Coming Clean
/ Author: Derek Schreiber
/ Categories: Blogs /
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Coming Clean

The two things you need to remember about mistakes

By Derek Schreiber, CLAC Representative

Too many people are afraid of making a mistake at work. They think that mistakes automatically lead to discipline, and major mistakes always lead to dismissal.

While errors may lead to some discipline—particularly if the error was preventable—what certainly will get you into deep trouble is trying to hide the error or refusing to accept responsibility.

In the countless arbitration awards I’ve read over the years, it is almost universal that when the person shows remorse and takes ownership of his or her error, the arbitrator has not been as harsh as the times when the person tries to blame everyone but themselves.

In my experience, most supervisors act in a similar fashion.

Several years ago, I was approached by a worker who minutes before had done something stupid that damaged some company property. He asked me what to do, and I told him to go tell his supervisor immediately.

After an investigation, the company wanted to discipline him and make him pay for the damage.

We told the company that if they insisted on continuing with this demand, the next time someone made a mistake like this, they wouldn’t come forward but would instead try to hide it.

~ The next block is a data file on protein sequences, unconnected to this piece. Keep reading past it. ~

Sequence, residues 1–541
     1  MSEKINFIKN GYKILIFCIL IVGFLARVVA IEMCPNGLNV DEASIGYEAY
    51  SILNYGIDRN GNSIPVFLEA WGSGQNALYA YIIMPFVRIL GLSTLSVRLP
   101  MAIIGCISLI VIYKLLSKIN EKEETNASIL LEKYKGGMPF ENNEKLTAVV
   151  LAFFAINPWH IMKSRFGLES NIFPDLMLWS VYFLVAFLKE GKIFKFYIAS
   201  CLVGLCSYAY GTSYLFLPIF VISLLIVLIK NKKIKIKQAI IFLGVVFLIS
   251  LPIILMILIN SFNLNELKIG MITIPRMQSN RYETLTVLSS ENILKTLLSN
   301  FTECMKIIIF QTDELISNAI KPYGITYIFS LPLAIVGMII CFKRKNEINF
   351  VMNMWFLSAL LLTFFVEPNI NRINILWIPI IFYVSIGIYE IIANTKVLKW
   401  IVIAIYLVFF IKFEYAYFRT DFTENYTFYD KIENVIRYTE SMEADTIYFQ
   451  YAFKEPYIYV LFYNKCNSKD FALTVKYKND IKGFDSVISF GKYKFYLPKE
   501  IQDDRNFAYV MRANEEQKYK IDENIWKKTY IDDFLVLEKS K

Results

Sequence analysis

The company realized that by coming forward immediately, the employee did what the company wanted. It dropped the request to pay for the damage but did give him a first-level warning.

There are two things you need to remember about mistakes.

1. Never intentionally go out and make a mistake. That will get you in trouble—guaranteed.

2. If you do make a mistake—even a fairly sizable one—acknowledge and report it immediately. Yes, you may face some discipline, but I can guarantee it will not be as bad as trying to hide your mistake or deflect blame away from you.

If you do the right thing and come clean but happen to end up with an unreasonable supervisor, seek out your union steward or representative for help. That’s what they’re there for.


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